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California regulators have announced final approval of new regulations aimed at preventing incidents such as the 2012 Chevron Corp. fire at oil refineries.
The regulations, which take effect Oct. 1, implement key recommendations of the Governor’s Interagency Working Group on Refinery Safety, created after the incident at Chevron, which recently reached an agreement with state regulators to settle workplace safety citations.
The new regulations overhaul state worker safety regulations that apply to refineries and the California Accidental Release Prevention program, which is designed to prevent the accidental release of hazardous substances that could harm public health and the environment, according to a statement issued by the Department of Industrial Relations on Friday.
Key features of the regulations include increased employer accountability for the mechanical integrity of refinery equipment, requirements to adopt inherently safer designs and systems to the greatest extent feasible, and increased employee involvement in all aspects of the safety and prevention program.
The requirements also include periodic workplace safety culture assessments to evaluate whether management is appropriately emphasizing safety over production pressures, authority for refinery personnel to shut down a unit, if needed, in the event of an unsafe condition or emergency, and provisions for anonymous reporting of safety hazards.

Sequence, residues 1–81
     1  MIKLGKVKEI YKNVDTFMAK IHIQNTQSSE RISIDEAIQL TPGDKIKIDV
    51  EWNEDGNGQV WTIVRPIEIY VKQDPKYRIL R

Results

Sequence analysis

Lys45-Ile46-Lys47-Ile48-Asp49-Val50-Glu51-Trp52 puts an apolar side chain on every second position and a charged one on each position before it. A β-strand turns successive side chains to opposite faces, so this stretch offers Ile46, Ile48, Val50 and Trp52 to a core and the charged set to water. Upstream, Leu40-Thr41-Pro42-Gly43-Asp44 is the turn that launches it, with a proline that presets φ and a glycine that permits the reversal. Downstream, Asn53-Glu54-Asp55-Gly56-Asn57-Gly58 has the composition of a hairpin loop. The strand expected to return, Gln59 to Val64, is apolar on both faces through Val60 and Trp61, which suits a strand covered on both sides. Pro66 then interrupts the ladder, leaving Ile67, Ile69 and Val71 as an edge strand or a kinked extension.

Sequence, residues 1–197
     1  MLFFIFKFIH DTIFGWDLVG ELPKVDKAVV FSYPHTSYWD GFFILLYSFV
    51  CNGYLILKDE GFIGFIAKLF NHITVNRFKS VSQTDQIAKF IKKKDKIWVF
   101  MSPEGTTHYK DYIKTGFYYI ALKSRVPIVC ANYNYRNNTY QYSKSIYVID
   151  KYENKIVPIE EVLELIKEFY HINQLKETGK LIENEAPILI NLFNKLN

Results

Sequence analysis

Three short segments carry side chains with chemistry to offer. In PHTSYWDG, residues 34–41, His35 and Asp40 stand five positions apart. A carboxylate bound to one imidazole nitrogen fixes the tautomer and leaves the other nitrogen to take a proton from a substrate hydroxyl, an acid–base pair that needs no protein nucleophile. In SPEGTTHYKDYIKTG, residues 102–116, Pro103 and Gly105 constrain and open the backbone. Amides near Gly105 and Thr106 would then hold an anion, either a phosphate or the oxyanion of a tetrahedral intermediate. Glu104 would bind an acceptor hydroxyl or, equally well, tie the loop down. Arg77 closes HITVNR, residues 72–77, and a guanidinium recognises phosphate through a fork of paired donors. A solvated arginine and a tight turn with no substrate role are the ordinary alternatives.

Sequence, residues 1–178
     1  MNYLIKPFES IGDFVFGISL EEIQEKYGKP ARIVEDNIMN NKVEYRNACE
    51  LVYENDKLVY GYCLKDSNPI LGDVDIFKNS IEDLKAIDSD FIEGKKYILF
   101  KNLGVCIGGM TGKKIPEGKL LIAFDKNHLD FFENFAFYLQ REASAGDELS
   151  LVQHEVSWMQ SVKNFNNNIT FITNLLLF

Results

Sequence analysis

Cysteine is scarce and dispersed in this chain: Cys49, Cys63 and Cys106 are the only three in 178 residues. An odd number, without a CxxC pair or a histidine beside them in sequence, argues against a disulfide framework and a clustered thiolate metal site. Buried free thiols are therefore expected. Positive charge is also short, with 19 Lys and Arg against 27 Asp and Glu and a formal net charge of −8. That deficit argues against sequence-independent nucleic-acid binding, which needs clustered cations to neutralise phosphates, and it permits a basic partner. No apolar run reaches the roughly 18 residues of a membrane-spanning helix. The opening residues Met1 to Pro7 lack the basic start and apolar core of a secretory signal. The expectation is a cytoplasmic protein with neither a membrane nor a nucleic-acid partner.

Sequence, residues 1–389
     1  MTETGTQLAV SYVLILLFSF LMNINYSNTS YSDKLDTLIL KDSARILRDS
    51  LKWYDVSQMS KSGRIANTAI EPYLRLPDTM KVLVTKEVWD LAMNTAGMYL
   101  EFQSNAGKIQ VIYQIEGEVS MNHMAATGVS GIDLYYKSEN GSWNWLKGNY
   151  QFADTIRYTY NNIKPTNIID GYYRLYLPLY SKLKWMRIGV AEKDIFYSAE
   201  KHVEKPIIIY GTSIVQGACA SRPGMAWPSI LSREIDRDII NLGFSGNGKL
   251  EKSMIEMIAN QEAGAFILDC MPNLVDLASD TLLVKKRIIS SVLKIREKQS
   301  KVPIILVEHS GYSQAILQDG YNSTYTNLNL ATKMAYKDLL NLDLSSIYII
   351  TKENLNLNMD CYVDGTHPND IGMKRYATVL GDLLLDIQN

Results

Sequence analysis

In addition, they include requirements for investigations to determine root causes of any incidents that occur and develop interim and permanent corrective measures in response, as well as for annual public reporting of refinery safety metrics under the program.
“These new regulations increase overall preparedness, provide greater accountability and implement a nation-leading approach to public safety and emergency prevention at refineries,” California Governor’s Office of Emergency Services Director Mark Ghilarducci said in a statement.
California has 15 oil refineries, most of which are located in densely populated areas of Los Angeles and the eastern San Francisco Bay Area, and many of which have adopted some of the newly required practices, leading to improved safety performance. But the industry still experiences major incidents that pose a significant risk to refinery workers and nearby communities, according to the department.
The regulations were developed by the department, the Governor’s Office of Emergency Services and the California Environmental Protection Agency.
“The goal of these regulations is to hold refineries accountable for the safety of workers and communities,” said Matthew Rodriquez, California secretary for environmental protection.
(Reuters) — The U.S. Supreme Court on Monday handed a victory to Chevron Corp. by preventing Ecuadorean villagers and their American lawyer from trying to collect on an $8.65 billion pollution judgment issued against the oil company by a court in Ecuador.